Celebrate Female Artists for International Women’s Day
As an international art dealer, Park West Gallery is proud to represent artists from around the globe and all walks of life. In honor of International Women’s Day, we are featuring some of our female artists whose accomplishments on and off the canvas inspire and empower women all over the world.
Linda Le Kinff
“Women, I am one, and I discover in every trait, every face, pose or attitude all the women I would like to be: a child woman, a mother woman, a funny woman, a sexy woman, a sweet woman, an intelligent woman, a woman woman,” Le Kinff says.
Le Kinff’s charismatic portraits have been exhibited in India, Lebanon, Korea, France and Japan. The talented artist served as the Official World Cup artist in 1998 and the official artist of the 136th Kentucky Derby.
Autumn de Forest
As an artist who began her artistic career when she was just a child, the now 15-year-old Autumn de Forest has accomplished feats many don’t see in a lifetime. In 2015, the young artist was honored by the Vatican for her charity work.
“If my artwork can help those who have been in a tragedy, or a natural disaster, by helping young people to express their hope, or even their fears with creativity, well, that is just an incredible feeling,” she says.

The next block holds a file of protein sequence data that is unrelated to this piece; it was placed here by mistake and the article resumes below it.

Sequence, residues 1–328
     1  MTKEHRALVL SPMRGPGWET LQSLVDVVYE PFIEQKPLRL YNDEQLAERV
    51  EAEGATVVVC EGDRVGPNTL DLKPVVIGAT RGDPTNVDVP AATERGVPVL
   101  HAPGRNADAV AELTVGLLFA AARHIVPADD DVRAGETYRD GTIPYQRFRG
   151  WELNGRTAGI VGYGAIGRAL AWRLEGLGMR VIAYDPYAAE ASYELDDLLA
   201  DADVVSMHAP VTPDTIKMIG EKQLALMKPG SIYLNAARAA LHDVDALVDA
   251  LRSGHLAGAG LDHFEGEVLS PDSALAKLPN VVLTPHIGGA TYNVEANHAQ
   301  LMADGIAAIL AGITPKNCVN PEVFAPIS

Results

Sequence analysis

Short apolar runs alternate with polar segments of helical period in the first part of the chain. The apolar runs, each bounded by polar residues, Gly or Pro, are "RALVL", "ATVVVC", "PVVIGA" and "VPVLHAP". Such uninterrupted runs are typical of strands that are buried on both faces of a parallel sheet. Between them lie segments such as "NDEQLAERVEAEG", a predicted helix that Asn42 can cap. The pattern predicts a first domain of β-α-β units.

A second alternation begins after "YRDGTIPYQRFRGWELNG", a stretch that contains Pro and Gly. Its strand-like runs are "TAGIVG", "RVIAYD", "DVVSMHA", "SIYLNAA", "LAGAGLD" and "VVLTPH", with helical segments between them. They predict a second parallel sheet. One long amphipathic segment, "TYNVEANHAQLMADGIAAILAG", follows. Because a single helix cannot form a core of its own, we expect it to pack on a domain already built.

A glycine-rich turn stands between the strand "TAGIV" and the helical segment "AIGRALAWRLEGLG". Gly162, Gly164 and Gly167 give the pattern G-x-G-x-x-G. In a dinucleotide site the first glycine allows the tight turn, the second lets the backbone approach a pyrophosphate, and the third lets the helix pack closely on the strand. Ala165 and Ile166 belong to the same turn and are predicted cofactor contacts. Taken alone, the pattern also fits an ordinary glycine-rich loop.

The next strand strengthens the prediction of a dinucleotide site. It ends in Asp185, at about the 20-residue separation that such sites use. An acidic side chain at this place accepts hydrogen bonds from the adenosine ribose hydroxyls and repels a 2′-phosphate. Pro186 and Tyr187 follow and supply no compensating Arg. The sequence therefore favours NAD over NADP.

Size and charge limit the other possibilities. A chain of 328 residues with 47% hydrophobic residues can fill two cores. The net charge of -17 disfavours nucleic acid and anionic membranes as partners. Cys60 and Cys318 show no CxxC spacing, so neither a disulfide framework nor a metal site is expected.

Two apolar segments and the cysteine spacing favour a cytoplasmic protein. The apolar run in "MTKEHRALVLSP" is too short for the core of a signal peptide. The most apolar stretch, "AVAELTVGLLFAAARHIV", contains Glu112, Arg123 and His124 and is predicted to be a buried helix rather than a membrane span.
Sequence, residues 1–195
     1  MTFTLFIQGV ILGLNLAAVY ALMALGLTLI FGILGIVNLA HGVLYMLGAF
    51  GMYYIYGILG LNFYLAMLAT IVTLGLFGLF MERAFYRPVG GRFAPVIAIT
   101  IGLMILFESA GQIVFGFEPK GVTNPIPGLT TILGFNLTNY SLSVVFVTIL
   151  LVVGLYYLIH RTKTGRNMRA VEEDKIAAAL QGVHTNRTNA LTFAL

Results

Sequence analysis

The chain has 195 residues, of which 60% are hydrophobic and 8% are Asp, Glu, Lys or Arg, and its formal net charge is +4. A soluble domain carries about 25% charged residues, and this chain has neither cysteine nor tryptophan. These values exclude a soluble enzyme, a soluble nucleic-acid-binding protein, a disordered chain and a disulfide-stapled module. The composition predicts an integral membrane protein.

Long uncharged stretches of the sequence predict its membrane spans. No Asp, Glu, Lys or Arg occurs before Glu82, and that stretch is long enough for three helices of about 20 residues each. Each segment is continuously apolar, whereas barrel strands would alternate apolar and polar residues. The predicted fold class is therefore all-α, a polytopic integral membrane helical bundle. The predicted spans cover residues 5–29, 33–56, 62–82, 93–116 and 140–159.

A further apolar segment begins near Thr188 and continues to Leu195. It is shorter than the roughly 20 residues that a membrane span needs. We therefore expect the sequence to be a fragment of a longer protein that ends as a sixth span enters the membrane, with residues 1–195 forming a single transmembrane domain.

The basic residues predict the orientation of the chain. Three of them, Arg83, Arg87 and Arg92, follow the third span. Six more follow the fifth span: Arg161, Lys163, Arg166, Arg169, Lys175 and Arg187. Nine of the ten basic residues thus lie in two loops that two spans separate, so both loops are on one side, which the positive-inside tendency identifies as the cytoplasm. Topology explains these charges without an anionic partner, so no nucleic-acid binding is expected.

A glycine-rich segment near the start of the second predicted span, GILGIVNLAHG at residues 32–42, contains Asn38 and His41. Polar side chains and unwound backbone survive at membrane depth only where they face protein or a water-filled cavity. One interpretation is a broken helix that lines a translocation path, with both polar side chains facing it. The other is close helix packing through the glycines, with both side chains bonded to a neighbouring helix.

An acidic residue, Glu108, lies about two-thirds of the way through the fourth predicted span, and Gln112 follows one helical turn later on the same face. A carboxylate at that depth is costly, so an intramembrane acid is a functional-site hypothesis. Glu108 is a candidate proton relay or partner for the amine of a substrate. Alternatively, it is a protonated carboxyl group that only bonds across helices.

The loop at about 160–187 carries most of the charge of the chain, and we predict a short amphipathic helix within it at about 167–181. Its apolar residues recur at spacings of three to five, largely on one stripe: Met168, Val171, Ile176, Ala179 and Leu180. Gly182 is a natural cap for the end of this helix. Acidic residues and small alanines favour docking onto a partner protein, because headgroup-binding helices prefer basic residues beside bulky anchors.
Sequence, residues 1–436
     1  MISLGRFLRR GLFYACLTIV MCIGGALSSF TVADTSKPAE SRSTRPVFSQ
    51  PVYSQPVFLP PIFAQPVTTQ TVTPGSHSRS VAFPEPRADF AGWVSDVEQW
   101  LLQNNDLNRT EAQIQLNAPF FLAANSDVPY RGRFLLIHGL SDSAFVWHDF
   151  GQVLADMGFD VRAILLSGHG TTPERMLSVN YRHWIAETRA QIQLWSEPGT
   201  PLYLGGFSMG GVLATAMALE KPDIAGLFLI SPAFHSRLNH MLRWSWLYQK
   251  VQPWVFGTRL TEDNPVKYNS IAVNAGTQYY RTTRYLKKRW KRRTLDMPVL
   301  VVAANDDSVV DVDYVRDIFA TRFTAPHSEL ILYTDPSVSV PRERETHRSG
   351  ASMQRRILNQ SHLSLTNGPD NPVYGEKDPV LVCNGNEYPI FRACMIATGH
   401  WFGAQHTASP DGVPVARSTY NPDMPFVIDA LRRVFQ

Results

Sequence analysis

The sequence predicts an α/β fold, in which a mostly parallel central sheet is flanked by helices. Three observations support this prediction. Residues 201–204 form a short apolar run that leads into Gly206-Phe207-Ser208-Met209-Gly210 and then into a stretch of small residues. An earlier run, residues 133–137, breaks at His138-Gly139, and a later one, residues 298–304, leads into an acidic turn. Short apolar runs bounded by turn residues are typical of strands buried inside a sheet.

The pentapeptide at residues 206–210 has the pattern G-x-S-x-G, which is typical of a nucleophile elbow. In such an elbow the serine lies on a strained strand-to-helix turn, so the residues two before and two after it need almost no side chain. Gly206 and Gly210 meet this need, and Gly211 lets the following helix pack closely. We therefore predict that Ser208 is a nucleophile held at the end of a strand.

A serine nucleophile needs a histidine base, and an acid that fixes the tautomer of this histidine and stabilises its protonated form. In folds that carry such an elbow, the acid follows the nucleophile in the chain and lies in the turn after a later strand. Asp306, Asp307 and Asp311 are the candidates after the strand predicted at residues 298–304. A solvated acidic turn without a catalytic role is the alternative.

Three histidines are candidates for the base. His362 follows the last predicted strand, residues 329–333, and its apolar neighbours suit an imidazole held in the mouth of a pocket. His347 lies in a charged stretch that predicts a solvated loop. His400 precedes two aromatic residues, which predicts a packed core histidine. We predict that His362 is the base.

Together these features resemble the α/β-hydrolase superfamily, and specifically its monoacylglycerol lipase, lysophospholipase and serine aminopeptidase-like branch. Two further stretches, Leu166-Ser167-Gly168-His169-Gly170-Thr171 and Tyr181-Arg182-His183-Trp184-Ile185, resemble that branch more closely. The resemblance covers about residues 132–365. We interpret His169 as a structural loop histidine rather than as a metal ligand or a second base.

Autumn actively inspires the next generation of artists by teaching workshops and visiting schools alongside Turnaround Arts. She says her goal is to empower young artists like herself to follow their dreams.
“People say to me, ‘Where does that come from?’ and I just say, ‘Well that’s actually really how I see a giraffe,’” Sharam says with a smile. “I see color and imagination just in my everyday life.”
The Australian painter is an example of an artist who follows her artistic vision — despite anyone else’s opinions on her work.
“I just cannot seem to not use color in my artwork,” she says. “Sometimes my husband says to me, ‘Don’t put every color in every painting,’ but I just can’t help it.”
Whether directly or indirectly, children are taught early in life that superheroes are for boys and princesses are for girls. This is a notion that doesn’t sit well for artist Leslie Lew.
“I started doing research about the popular superheroes and found out that Wonder Woman was introduced in 1930 to counter the fact that there were only male superheroes,” Lew says. “Wonder Woman for me has become one of my iconic images.”
The Pop artist spent more than 25 years painting in her signature style she dubs “Sculpted Oils.” Her iconic artwork has been exhibited around the world — proving anyone can be a superhero.
If you are interested in artwork from Park West Gallery’s amazing female artists, please contact our gallery consultants at firstname.lastname@example.org or (800) 521-9654 ext. 4.